Hudson County officials from the clerk’s office and board of elections details what went wrong on election night and how they plan to fix these issues going forward.
By John Heinis/Hudson County View
“Regarding the June 6, 2023, Election results not yet reported. The Democratic process relies on many moving pieces. At the end of the night, Election night materials are returned to the Municipal Clerk’s offices and subsequently to the County Clerk’s and Superintendent of Elections offices,” the officials wrote.
“If an error occurs in closing the machine or the materials are not promptly returned or are misplaced, this can cause delays in Election reporting. In the case of this Election, forty-four (44) cartridges were not returned or misplaced on the night of June 6, 2023.”
The lengthy statement is attributed to County Clerk E. Junior Maldonado,
Acting Superintendent of Elections John Brzozowski, Board of Elections Chair Janet Larwa, County Clerk’s Office Supervisor of Elections Brittani Bunney, Superintendent of Election’s Office Election Coordinator Kevin Lacey, and Board of Elections Clerk Michael Harper.
They acknowledge that while early voting and vote-by-mail tallies were posted on the County Clerk’s website at 8:01 p.m. on Tuesday, the subsequent update didn’t come until about 9:40 p.m. They attributed this to unforeseen network issues.
“Several weeks prior to the Election and the morning of June 6, 2023, we did trial runs and determined the reporting system was functioning properly. After investigating what happened, we have determined the delay on the evening of June 6, 2023, was attributable to transient network issues that were not present during subsequent tests,” they explained.
“Additionally, being that it was our first Countywide election using our new ES&S Election Machines for Election Day and Dominion for Vote by Mail, merging the data to be able to properly report and display the results on our website using our Election Night reporting software and making sure to comply with New Jersey Election reporting Statutes and N.J.S.A 19:63-22C took significantly longer than anticipated.”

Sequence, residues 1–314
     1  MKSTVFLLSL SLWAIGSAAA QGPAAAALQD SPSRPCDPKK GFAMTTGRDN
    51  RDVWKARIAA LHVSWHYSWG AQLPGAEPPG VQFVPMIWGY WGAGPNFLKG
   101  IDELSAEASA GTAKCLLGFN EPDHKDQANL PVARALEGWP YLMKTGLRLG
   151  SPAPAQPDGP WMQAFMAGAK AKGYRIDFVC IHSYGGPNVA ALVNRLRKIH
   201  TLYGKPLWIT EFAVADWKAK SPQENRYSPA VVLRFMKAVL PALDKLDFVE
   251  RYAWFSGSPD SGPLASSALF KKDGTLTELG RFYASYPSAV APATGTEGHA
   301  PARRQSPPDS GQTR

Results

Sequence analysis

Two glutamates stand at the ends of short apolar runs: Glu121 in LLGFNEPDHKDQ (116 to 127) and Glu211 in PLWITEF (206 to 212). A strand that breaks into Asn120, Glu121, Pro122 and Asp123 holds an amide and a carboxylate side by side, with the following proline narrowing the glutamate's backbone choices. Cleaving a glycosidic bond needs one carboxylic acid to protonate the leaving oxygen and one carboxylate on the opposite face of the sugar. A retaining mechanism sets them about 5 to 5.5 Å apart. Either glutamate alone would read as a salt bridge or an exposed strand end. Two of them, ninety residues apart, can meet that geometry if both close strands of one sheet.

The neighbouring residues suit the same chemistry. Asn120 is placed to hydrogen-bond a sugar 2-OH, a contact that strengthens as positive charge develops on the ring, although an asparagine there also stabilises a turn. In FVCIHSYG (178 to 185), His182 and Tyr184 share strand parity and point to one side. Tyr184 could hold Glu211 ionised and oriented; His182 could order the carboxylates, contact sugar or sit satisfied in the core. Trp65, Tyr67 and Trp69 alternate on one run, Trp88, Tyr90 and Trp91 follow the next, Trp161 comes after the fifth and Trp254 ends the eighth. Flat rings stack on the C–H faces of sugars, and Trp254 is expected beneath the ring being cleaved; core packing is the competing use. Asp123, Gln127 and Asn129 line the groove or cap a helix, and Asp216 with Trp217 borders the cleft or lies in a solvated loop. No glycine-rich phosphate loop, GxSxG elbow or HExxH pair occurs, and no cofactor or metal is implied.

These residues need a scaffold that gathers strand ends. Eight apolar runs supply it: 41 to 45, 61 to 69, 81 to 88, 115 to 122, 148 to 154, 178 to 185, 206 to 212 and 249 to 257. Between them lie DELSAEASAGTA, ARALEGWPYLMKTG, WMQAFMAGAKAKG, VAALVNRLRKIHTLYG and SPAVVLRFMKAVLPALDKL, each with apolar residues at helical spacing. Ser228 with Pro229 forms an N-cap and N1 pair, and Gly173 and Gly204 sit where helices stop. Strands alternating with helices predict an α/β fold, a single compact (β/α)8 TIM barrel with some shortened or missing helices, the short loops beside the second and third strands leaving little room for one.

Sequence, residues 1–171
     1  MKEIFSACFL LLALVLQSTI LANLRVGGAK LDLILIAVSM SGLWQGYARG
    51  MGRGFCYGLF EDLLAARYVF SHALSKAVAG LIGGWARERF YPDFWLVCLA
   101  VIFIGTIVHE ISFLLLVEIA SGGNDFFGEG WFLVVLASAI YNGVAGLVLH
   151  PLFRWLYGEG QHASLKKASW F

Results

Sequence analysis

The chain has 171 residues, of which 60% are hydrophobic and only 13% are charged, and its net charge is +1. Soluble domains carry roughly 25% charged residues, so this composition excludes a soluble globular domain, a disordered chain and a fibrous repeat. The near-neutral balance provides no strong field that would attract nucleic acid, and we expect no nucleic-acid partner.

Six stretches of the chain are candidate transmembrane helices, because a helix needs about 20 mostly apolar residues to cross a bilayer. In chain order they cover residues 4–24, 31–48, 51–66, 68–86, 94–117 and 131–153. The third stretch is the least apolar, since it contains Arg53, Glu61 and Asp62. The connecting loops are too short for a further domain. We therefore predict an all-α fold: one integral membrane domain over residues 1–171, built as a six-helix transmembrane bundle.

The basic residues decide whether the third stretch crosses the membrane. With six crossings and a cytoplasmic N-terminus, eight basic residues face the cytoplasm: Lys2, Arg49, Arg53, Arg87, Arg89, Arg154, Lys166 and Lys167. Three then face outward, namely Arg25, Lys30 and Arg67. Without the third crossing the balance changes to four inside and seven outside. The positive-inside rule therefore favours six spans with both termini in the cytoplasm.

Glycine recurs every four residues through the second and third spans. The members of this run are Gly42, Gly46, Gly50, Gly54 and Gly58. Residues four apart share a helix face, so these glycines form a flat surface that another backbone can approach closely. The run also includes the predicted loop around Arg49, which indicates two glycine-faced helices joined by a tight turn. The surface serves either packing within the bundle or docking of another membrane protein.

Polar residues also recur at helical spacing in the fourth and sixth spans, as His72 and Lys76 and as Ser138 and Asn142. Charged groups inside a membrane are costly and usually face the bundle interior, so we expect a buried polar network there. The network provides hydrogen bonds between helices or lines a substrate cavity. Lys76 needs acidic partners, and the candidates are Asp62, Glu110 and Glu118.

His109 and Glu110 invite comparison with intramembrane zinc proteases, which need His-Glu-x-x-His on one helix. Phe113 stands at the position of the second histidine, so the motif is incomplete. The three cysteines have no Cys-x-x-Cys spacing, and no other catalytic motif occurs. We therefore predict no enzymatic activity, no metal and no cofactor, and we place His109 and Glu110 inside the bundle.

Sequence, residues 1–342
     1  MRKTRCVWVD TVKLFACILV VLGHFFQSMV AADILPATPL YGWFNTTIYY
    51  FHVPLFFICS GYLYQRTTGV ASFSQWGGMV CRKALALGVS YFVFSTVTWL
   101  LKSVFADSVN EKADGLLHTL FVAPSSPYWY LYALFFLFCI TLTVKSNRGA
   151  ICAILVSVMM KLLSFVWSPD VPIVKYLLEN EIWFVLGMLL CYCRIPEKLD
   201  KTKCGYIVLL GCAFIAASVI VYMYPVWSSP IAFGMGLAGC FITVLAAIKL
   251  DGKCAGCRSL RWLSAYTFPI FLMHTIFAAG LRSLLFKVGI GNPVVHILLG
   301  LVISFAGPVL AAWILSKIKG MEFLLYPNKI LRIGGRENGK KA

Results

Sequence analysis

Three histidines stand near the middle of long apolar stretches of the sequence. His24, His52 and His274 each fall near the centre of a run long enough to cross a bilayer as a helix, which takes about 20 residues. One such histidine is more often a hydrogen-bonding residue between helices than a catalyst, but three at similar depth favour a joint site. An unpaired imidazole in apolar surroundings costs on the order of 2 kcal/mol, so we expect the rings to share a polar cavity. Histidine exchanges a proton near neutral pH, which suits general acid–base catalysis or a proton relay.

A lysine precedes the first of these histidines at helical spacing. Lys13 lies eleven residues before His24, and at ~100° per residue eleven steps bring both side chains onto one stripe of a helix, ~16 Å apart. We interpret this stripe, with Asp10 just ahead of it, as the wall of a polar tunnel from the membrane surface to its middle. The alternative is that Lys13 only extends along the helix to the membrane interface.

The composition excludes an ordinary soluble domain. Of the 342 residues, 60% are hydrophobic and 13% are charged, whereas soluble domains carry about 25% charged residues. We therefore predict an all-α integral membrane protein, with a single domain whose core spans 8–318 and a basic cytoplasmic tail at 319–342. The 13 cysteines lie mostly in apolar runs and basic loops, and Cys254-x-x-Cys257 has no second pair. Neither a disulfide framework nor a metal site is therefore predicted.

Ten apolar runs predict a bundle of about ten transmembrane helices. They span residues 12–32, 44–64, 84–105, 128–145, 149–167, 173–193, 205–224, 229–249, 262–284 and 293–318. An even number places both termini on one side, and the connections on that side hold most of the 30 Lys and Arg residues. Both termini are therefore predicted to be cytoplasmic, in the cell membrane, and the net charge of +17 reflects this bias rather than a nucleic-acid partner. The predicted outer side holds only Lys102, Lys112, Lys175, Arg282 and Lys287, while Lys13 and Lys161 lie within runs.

To remedy this situation, they indicated that Elections Systems & Software has been contracted as their sole election vendor, beginning with the November 7th general election, eliminating the need to merge data from two separate software systems.
Additionally, they are committed to purchasing and installing remote reading sites throughout the county so that poll workers no longer have to hand deliver election materials to the county after the polls close.
“Our goal is to always deliver Election Night Results quickly and to be as transparent and informative as possible and we are sorry for the issues that lead to a delay in reporting Election night results on Tuesday June 6, 2023,” their statement continued.
“We are confident that the remedies now in place for the 2023 General Election and onward will result in Election night reporting that is more timely.”
Yesterday, Bunney said that 29 of the 44 missing voting cartridges had been recovered when detailing why the preliminary results had been delayed.
Today, the officials detailed that six of the machines were not closed properly and 15 cartridges were left in the machines. They filed a court order so that data can be read and a judge is expected to grant the order at a hearing tomorrow at 9:30 a.m.
Additionally, they indicated that 23 districts are outstanding: two in Bayonne, one in Harrison, six in Hoboken, 13 in Jersey City, and one in West New York.
While 8 of the 10 county contests have been clearly decided, close races in the 4th and 5th Districts have Commissioner Yraida Aponte-Lipski leading Mamta Singh by about six points and Commissioner Chair Anthony leading Ron Bautista by six points.
While the Hudson County Democratic Organization called the races for the incumbents on Tuesday evening, Singh and Bautista have still not conceded due to the outstanding votes, with Singh’s campaign manager, Tori Stowell, questioning the process in a statement released last night.
“… We are concerned at the level of disarray from the County Board of Elections on the missing results from over 20 precincts and how long it took for them to identify and disclose which voting districts were missing to the candidates,” she said.
“We will continue to wait to ensure all votes from the June 6th primary are counted.”
The earliest the board of elections can certify the results of this election is June 19th, per state statute.